Nodules on the roots of legumes help these plants to secure their own nitrogen.
Nodules on the roots of legumes help these plants to secure their own nitrogen.

Scientists at the John Innes Centre have discovered an important component in the process of nitrogen fixation in plants. They have identified a key protein that facilitates the movement of calcium in plant cells. This movement of calcium signals to the plant that nitrogen-fixing bacteria are close-by and triggers the development of nodules on its roots to house these bacteria.

Nitrogen is the most abundant gas in the atmosphere and legumes are able to take nitrogen out of the air and incorporate it into their cells. This is possible because legumes have developed a symbiotic relationship with a particular type of soil bacteria that are housed within their roots. These bacteria take up (or ‘fix’) the nitrogen and pass it to the plant in exchange for sugars and other nutrients. This function enables legumes to grow with less nitrogen fertilizer.

Professor Giles Oldroyd leads a research group at the John Innes Centre that aims to transfer the ability to fix nitrogen to other types of plants, like wheat or barley. This would increase growth and yield for these crops - particularly in developing countries where farmers have less access to nitrogen fertilizers.

It has long been known that the interaction between plants and bacteria depends on movement of calcium in plant root cells. This movement of calcium takes place in the central nucleus of plant cells. New research from the John Innes Centre led by Myriam Charpentier, Ph.D., and Professor Giles Oldroyd discovered a set of critically important proteins, called cyclic nucleotide gated channel 15s (CNGC15s), which are essential for the movement of calcium into the nucleus. They found that the CNGC15s facilitate the calcium movement into the nucleus allowing the plant to transfer the information that the nitrogen-fixing soil bacteria are nearby. This enables the plant to initiate the cellular and developmental processes that facilitate bacterial accommodation, allowing establishment of the nitrogen-fixing symbiosis and thus nitrogen fixation. Although this calcium movement is limited to the nuclei of plant cells, it has a large impact on how the whole plant will grow.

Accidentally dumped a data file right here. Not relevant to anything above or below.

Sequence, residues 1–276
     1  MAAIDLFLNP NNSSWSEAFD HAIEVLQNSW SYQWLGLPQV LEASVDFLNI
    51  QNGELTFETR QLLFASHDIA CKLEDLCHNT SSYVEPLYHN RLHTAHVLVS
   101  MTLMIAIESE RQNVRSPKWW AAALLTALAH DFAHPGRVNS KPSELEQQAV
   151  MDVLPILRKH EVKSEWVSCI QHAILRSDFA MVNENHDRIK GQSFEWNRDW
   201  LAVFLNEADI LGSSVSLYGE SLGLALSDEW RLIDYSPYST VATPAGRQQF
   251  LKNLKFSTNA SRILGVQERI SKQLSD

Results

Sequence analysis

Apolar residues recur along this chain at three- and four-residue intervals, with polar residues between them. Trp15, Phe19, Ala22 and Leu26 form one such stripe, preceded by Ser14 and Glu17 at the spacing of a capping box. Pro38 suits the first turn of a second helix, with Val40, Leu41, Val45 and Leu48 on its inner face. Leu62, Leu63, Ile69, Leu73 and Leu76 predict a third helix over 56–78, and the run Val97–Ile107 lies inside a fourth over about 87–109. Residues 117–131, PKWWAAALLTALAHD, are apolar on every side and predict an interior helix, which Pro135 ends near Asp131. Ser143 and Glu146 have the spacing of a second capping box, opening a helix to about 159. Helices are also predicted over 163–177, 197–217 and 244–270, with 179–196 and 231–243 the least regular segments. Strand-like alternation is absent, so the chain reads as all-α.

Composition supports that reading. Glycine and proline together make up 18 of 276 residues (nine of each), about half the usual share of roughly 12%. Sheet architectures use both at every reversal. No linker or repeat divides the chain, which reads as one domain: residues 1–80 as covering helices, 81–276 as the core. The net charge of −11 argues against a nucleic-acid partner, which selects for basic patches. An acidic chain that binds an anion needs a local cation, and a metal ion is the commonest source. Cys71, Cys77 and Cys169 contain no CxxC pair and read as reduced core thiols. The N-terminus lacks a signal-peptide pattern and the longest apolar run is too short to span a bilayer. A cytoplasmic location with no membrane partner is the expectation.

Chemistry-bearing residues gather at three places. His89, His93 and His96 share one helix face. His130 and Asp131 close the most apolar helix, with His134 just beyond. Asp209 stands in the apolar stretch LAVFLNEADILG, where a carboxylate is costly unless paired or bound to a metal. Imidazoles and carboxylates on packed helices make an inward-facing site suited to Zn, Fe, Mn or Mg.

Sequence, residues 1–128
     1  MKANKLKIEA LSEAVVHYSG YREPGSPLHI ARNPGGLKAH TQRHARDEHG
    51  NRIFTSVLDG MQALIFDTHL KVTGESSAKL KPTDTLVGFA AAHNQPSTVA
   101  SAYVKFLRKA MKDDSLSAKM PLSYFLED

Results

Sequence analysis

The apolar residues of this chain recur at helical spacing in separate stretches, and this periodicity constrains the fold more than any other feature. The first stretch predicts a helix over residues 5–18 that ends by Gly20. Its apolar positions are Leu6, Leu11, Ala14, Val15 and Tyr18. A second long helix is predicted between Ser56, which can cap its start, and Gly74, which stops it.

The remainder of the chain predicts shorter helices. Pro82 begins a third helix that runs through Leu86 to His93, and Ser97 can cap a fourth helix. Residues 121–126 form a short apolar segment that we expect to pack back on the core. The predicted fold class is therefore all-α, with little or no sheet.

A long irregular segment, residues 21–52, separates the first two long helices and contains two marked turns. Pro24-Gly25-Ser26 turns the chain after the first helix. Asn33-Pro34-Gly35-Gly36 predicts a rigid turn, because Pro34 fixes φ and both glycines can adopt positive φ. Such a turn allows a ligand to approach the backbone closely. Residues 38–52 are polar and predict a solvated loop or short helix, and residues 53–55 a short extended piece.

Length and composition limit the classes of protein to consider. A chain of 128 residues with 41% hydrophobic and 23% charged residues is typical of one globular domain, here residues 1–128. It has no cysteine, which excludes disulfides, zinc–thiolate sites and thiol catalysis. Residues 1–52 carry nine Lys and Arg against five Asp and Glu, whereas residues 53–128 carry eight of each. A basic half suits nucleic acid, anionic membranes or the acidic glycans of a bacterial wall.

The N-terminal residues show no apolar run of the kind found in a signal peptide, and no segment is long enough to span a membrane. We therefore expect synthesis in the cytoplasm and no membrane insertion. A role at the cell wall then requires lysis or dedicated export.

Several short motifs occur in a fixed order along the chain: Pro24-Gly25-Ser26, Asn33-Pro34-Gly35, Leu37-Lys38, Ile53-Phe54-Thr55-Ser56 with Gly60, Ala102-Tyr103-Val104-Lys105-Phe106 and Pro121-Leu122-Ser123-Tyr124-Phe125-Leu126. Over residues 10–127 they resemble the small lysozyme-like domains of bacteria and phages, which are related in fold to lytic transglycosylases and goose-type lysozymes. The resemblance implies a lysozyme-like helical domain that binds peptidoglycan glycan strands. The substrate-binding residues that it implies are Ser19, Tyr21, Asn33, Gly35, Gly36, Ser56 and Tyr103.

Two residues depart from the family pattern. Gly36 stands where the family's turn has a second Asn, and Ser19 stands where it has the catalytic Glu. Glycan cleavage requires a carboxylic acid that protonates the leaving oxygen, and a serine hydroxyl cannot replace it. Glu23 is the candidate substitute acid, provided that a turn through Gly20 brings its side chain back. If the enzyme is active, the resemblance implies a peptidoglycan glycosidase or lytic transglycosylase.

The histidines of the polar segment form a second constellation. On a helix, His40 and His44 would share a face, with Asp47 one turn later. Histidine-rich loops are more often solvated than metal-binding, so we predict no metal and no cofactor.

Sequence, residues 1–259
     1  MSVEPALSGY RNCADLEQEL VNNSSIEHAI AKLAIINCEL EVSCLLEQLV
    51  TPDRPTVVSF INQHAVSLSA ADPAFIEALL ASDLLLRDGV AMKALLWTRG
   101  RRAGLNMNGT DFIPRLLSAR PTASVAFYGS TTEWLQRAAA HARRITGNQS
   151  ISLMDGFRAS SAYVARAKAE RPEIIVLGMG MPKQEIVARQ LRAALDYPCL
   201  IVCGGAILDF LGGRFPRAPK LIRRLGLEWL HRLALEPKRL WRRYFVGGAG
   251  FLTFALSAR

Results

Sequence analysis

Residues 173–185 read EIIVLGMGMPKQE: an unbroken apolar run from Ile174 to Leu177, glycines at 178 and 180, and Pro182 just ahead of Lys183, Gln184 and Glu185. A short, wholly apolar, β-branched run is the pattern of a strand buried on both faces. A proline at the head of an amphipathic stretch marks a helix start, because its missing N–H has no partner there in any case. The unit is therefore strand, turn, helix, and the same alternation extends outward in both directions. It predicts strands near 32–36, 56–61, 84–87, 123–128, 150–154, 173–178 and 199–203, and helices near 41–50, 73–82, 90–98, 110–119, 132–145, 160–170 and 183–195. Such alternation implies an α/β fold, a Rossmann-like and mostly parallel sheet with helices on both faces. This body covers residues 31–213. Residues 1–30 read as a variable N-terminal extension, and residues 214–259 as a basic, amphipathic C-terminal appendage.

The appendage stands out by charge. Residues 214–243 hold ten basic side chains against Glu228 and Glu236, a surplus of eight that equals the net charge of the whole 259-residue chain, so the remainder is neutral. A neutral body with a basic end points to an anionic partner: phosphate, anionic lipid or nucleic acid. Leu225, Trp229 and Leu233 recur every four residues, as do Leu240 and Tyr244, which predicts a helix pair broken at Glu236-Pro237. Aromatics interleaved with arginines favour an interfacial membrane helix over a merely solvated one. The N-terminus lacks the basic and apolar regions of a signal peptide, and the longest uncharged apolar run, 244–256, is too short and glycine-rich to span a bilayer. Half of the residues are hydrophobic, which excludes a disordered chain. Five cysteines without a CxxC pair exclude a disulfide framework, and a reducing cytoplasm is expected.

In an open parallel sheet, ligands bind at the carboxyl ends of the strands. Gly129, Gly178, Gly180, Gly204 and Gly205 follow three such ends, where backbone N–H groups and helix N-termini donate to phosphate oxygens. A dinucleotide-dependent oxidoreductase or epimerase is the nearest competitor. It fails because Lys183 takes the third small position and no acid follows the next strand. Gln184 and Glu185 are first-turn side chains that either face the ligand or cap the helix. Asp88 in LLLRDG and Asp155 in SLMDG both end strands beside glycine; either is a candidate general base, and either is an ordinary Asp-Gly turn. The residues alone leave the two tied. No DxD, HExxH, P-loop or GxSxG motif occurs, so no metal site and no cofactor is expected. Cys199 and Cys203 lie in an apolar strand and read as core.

Professor Oldroyd said, “This discovery demonstrates that there is a CNGC protein located at the edge of the nucleus in plant cells which controls the movement of calcium into the nucleus. This is an important step towards understanding nitrogen fixation in legumes and this understanding will help us to develop more efficient crops.”

Charpentier said, “Although the presence of nuclear calcium signals in plants was demonstrated more than a decade ago, the exact identity of the nuclear calcium channel has remained a mystery. This research identifies the first nuclear calcium channel in plants. Calcium signaling is not only important for symbioses but also for many other processes happening in the plant during development and in response to the environment. Knowing the identity of the nuclear calcium channel will now enable us to better understand how plants use nuclear calcium signals to grow and respond to their environments.”

The paper "Nuclear-localized cyclic nucleotide gated channels mediate symbiotic calcium oscillations" is published on Friday 27 May in the journal Science. It was carried out in partnership with the University of Montpellier in France and was supported by the Biotechnology and Biological Sciences Research Council (BBSRC) and the European Research Council.